How to Afford Twins: Free Used Stuff

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Categories Finances and Saving, Household and Family Management, How Do The Moms Do It, Theme WeekTags , , , , , 3 Comments

There’s a lot of free used stuff out there for kids, if you know where to look. Children go through stages and sizes so quickly that there’s often a lot of wear left in their things after they no longer need them.


My girls, M and J, are small for their age, so they end up receiving hand-me-downs from their friends. I’m not too proud to accept used things from friends, or even strangers. I see both the offer and its acceptance as gestures of love.

Getting free used stuff, from
Photo Credit: reinvented

One former neighbour kept my girls in shoes for 2 whole years. I didn’t buy a single new item of clothing this summer beyond splurging on birthday dresses for all 3 of us. My kids have had a constant influx of new clothes from an older girl on our street, a classmate and a former neighbour.

Of course, it helps that M has no interest in wearing clothes that match her sister’s. If your kids wear matching or coordinated outfits, this may not work for you. I do find, though, that many of my friends buy the same things in different colours for their girls, and there are usually 3 hot shades that are “in” in a given season. Completely different brands will feature exactly the same colour scheme. You might be surprised by how many coordination opportunities you can find with hand-me-downs.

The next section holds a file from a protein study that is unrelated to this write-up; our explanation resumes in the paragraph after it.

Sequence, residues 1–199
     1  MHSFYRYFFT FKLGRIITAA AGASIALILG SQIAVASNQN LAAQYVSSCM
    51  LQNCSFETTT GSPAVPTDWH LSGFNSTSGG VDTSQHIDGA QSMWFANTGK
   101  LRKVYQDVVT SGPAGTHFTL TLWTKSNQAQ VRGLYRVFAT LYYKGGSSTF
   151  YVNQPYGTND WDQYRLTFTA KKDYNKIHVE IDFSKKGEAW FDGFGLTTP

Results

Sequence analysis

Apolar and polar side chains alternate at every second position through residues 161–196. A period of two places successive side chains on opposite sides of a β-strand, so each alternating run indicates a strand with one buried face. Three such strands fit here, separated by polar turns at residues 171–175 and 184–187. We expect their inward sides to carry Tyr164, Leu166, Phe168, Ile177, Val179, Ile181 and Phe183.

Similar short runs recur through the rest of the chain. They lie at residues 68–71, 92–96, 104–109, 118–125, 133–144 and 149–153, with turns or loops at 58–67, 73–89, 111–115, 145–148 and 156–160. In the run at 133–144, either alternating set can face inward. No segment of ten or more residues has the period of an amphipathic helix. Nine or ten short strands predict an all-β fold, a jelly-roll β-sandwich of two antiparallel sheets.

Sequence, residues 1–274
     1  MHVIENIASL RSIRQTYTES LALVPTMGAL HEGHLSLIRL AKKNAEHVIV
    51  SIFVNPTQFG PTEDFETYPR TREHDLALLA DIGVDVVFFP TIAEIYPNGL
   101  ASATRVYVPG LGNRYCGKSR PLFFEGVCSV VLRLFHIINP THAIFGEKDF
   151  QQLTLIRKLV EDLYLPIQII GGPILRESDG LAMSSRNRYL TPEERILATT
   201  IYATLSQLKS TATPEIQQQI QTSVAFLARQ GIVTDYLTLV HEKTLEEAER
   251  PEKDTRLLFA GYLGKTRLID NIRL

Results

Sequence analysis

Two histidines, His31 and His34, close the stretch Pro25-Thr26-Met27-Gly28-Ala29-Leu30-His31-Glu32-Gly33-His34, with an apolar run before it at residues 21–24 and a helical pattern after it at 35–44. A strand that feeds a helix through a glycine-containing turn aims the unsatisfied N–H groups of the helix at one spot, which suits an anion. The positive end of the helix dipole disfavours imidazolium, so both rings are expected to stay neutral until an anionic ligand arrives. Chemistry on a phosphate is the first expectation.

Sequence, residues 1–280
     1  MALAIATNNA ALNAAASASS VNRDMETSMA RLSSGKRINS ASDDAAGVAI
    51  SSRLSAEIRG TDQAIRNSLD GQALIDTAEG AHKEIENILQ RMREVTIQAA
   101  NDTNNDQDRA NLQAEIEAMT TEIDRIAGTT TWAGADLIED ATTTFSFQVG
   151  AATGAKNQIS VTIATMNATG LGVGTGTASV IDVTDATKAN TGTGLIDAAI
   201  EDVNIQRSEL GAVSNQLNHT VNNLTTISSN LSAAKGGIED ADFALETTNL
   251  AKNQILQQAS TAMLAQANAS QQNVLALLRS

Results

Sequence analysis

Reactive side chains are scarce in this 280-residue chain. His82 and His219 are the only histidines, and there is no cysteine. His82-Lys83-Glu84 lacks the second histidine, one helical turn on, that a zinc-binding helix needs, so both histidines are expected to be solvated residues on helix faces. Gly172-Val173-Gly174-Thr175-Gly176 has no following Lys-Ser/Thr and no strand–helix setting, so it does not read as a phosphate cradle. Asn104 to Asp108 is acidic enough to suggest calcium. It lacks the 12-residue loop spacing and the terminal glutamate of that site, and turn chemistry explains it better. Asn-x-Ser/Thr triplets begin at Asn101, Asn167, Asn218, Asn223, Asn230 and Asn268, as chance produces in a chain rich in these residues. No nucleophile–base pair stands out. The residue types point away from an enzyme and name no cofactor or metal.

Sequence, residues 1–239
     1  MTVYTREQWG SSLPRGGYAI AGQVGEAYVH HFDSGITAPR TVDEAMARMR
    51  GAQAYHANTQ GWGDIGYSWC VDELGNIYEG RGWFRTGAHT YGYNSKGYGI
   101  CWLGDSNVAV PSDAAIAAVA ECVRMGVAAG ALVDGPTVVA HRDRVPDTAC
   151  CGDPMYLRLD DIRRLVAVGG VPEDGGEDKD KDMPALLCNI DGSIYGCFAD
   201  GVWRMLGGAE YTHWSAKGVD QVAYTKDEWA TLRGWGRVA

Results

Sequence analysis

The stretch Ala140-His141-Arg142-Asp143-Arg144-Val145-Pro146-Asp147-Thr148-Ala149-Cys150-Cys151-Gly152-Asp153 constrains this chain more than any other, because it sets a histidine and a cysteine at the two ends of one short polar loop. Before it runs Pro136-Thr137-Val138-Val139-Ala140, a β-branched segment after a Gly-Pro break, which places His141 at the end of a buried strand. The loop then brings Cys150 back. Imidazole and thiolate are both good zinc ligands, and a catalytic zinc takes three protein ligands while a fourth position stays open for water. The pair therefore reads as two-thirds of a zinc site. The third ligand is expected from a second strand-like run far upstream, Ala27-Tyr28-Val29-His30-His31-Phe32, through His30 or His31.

When two of my ex-husband’s high school friends announced that they were both pregnant with girls, I split my daughters’ matching infant and toddler clothes in two and mailed two diaper boxes of gently used clothes to Washington State. I’d been holding onto them in case any friends had twins, but everyone seems to have b/b or b/g twins.

Getting free used stuff, from
Photo Credit: EvelynGiggles

J and M determined told me that they no longer play with their doll house. I asked them to sit on their decision to give it away for a couple of months, but they’ve held firm. We’ll be passing their dollhouse and furniture to another little girl, the daughter of an old friend of mine from grad school. We hope she’ll also get many years of joy from it.


Getting free used stuff, from
Photo Credit: Renee Silverman

My daughters’ dance school has a fantastic shoe exchange program. Since they teach tons of growing children and know how expensive dance supplies can get, they have a big  bin of ballet, tap and jazz shoes in the office. When a child outgrows their shoes, their parent can add them to bin and go through the shoes that are already there to find a replacement, one size larger.